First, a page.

“There was a fever over the land. A fever of disgrace, of indignity, of hunger. We had a democracy, yes, but it was torn by elements within. Above all, there was fear. Fear of today, fear of tomorrow, fear of our neighbors, and fear of ourselves. Only when you understand that – can you understand what Hitler meant to us. Because he said to us: ‘Lift your heads! Be proud to be German! There are devils among us. Communists, Liberals, Jews, Gypsies! Once these devils will be destroyed, your misery will be destroyed. It was the old, old story of the sacrificial lamb. What about those of us who knew better? We who knew the words were lies and worse than lies? Why did we sit silent? Why did we take part? Because we loved our country! What difference does it make if a few political extremists lose their rights? What difference does it make if a few racial minorities lose their rights? It is only a passing phase. It is only a stage we are going through. It will be discarded sooner or later. Hitler himself will be discarded… sooner or later. The country is in danger. We will march out of the shadows. We will go forward. Forward is the great password. And history tells how well we succeeded, your honor. We succeeded beyond our wildest dreams. The very elements of hate and power about Hitler that mesmerized Germany, mesmerized the world! We found ourselves with sudden powerful allies. Things that had been denied to us as a democracy were open to us now…”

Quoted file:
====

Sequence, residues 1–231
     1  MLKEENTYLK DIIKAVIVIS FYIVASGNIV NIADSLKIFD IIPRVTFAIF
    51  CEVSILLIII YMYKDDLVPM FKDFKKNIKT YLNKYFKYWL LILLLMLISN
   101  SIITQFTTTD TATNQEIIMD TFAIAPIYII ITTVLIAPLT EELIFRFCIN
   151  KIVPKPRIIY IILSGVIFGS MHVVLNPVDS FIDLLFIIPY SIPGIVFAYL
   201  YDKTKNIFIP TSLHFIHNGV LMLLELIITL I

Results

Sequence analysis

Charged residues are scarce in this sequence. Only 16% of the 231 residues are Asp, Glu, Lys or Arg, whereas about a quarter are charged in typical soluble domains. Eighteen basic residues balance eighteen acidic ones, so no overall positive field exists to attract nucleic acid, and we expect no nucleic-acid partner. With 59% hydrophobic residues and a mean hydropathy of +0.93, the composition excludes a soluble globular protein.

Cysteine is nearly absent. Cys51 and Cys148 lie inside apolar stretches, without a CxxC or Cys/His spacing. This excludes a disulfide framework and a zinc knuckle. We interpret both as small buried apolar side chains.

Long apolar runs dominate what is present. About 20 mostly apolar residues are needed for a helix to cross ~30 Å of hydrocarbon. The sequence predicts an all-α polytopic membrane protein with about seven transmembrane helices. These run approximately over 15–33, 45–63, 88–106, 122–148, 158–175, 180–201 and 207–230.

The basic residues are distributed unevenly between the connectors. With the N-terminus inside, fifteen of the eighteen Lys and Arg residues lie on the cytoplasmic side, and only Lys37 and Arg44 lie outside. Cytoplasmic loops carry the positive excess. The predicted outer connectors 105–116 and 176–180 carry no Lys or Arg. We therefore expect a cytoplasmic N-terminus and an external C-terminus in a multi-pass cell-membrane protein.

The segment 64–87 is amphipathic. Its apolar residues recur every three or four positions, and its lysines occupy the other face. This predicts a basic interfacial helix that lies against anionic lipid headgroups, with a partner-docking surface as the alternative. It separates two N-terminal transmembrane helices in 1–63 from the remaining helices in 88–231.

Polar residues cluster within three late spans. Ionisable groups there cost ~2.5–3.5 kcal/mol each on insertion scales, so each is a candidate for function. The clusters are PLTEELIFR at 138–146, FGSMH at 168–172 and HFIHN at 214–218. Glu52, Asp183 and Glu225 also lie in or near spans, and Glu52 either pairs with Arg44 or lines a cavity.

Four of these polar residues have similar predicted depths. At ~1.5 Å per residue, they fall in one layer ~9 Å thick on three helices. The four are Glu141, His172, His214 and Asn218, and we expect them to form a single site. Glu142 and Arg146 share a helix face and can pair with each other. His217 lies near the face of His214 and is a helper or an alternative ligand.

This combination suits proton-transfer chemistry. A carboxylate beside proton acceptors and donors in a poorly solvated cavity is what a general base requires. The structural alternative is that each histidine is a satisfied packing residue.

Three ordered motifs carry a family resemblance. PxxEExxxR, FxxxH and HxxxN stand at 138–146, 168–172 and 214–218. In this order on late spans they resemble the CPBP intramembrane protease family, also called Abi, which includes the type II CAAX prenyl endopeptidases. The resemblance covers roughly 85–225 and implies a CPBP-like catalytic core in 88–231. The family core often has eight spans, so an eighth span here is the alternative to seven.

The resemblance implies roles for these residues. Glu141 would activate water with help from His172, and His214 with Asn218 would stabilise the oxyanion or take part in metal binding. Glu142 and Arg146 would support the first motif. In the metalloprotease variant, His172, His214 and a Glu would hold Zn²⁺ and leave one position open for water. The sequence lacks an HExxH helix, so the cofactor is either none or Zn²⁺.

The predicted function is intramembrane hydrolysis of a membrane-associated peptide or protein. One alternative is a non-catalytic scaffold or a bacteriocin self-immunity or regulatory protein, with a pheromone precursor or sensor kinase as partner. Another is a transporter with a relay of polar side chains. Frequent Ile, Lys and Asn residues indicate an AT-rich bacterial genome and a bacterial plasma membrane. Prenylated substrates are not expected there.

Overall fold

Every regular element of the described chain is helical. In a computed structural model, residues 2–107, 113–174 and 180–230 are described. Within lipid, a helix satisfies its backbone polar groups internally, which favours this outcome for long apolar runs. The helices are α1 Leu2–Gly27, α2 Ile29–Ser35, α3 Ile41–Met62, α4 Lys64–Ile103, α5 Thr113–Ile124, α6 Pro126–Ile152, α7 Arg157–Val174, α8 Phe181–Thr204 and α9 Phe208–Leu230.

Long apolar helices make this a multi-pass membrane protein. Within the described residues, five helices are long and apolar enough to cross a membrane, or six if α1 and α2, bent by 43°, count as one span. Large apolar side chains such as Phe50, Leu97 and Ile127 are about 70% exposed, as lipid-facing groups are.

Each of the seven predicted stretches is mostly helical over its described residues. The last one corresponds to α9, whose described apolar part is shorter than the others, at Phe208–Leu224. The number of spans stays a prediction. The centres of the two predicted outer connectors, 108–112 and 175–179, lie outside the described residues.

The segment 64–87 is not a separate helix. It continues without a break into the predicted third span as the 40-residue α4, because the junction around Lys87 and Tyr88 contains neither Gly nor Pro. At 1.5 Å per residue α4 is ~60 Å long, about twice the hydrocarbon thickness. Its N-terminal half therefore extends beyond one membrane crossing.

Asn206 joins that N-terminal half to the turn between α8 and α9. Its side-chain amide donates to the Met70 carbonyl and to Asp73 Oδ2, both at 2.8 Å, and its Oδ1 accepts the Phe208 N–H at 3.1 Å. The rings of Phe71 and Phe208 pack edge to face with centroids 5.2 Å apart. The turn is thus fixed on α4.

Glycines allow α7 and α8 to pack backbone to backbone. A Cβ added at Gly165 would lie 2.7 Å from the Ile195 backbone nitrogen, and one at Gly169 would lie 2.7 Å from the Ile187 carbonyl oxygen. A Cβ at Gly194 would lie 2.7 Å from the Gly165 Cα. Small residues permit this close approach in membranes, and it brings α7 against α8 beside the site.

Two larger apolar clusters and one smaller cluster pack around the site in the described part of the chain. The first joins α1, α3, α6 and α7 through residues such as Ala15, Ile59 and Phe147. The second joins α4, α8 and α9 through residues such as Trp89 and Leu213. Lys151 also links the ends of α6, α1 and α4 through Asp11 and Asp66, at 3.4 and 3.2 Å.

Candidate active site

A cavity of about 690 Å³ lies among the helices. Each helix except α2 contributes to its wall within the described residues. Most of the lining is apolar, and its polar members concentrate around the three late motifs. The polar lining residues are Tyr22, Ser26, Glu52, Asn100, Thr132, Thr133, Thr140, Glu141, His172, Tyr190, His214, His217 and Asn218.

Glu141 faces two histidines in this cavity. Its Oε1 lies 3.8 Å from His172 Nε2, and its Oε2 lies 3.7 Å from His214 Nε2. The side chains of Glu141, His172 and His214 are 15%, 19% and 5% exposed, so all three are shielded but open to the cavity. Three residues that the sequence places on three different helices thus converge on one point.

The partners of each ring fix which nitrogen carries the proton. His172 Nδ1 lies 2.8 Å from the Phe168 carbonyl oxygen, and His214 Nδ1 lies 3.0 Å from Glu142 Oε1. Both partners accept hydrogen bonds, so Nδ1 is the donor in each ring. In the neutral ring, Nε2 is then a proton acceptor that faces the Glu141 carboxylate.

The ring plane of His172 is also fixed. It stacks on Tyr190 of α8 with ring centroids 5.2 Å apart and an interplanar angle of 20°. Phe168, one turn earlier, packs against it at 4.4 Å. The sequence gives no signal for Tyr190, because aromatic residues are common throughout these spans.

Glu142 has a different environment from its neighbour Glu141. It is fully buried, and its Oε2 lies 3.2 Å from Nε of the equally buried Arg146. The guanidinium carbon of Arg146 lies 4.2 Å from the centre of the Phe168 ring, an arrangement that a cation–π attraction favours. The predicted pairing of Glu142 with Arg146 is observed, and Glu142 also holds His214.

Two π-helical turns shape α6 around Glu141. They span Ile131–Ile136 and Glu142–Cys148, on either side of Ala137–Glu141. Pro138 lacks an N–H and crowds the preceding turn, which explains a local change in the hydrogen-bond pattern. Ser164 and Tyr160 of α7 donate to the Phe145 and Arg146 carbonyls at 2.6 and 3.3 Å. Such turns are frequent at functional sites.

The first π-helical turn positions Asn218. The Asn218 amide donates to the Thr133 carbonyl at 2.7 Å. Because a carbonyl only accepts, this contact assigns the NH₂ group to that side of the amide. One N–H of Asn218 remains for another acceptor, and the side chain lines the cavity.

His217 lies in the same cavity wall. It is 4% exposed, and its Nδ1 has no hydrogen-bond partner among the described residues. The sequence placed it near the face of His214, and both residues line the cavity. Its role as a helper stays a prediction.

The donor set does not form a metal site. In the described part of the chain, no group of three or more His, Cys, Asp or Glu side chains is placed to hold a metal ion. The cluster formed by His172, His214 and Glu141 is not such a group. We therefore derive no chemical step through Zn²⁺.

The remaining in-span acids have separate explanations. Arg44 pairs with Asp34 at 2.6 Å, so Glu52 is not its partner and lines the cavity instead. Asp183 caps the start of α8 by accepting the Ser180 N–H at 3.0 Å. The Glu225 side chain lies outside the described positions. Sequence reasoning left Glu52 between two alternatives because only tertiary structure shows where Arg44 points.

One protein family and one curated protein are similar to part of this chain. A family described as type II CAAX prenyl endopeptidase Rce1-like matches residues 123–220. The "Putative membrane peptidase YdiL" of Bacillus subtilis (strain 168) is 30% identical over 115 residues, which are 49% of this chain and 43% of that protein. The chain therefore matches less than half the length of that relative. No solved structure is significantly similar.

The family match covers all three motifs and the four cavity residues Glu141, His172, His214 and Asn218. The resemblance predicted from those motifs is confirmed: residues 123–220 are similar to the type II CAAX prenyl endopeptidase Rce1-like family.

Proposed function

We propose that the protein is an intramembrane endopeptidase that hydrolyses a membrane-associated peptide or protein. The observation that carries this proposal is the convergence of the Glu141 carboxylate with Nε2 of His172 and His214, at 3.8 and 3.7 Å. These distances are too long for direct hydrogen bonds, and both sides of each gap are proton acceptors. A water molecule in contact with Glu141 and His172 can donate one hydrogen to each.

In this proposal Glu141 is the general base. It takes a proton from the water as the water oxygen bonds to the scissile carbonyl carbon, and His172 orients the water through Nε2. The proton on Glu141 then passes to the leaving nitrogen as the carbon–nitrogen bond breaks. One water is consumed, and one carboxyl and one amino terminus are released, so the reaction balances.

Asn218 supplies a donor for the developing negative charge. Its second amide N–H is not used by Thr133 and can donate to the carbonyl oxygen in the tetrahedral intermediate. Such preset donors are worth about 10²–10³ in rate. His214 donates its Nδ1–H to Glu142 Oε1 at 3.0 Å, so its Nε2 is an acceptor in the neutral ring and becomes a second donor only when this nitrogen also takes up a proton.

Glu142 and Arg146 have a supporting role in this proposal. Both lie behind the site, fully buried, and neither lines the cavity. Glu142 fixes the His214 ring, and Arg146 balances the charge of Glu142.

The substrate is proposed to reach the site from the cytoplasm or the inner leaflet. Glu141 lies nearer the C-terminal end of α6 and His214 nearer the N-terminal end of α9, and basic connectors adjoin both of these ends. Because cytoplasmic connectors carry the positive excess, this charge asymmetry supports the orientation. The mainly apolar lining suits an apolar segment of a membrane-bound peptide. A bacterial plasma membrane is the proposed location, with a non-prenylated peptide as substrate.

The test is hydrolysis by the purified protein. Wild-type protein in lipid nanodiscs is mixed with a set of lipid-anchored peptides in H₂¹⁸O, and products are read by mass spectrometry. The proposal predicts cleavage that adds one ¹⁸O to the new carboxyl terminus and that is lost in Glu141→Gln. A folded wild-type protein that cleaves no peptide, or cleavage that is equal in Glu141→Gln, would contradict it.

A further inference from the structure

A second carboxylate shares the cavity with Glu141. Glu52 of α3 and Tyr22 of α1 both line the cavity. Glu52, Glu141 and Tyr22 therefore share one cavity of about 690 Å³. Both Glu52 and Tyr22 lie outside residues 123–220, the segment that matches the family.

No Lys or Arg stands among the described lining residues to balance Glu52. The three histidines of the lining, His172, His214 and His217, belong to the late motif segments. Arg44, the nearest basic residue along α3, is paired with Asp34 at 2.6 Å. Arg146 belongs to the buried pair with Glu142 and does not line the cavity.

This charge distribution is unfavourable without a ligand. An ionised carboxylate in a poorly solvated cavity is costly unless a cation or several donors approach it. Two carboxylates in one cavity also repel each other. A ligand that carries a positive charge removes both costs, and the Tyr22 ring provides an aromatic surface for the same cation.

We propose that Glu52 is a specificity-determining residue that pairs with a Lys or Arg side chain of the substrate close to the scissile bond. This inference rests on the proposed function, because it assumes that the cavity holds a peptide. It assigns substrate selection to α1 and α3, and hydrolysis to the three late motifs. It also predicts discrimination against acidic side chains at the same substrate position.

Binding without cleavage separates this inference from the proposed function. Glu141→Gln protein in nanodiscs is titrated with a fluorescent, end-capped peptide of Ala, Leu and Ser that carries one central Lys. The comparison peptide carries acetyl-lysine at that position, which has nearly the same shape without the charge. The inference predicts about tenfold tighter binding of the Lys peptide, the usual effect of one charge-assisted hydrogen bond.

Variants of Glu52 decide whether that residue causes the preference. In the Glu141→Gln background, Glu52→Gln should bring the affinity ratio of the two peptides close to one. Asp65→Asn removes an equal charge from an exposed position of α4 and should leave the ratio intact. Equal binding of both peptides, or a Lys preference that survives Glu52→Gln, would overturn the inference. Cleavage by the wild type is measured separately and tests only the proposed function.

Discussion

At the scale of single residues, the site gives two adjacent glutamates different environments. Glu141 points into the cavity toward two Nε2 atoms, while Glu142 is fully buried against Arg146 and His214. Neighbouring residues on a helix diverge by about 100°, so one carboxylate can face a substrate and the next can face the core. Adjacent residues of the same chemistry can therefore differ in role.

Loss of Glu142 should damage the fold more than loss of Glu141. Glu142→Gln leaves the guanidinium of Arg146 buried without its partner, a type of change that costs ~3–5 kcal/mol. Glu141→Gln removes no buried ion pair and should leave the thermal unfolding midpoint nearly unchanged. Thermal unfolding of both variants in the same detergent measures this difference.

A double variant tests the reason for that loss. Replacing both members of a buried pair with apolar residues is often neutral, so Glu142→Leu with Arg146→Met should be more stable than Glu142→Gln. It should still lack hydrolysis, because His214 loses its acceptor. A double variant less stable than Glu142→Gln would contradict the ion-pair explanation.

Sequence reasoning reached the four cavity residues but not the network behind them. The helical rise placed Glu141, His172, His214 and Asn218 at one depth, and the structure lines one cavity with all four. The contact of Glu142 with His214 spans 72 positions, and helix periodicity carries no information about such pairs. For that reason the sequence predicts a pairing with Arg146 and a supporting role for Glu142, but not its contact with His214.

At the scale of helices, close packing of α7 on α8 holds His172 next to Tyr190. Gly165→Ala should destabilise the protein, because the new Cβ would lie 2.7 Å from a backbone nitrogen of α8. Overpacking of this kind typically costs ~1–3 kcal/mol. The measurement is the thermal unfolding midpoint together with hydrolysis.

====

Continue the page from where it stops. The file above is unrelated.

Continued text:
It does not take long before a culture can be poisoned by such ideology and become a place where no person is safe. Dylann Roof is not an isolated case. Craig Stephen Hicks killed three Moslem students who lived in his condominium complex near the University of North Carolina. Wade Michael Page, a Neo-Nazi murdered six people in an attack on a Sikh temple in Oak Creek Wisconsin. Scott Roeder, a militant anti-abortionist walked into a church and gunned down Dr. George Tiller who was a doctor who provided abortions at his clinic. Jim David Atkisson walked into a Unitarian Universalist church in Knoxville Tennessee during a children’s play, he killed two and wounded seven and said that he was motivated by a hatred of liberals. Eric Rudolph committed two bombings to stop abortion, one at the Olympic Park in Atlanta during the 1996 Olympics which killed one person and wounded 111 people, and that other at a Birmingham Alabama abortion clinic in 1998 which killed a police officer and wounded a nurse. Of course the biggest act of terror committed for political reasons by an American was the bombing of the Alfred P. Murrah federal Building in Oklahoma City. In that act Timothy McVeigh killed 168 people and wounded more than 600. That bombing was motivated by his hatred of the U.S. Government.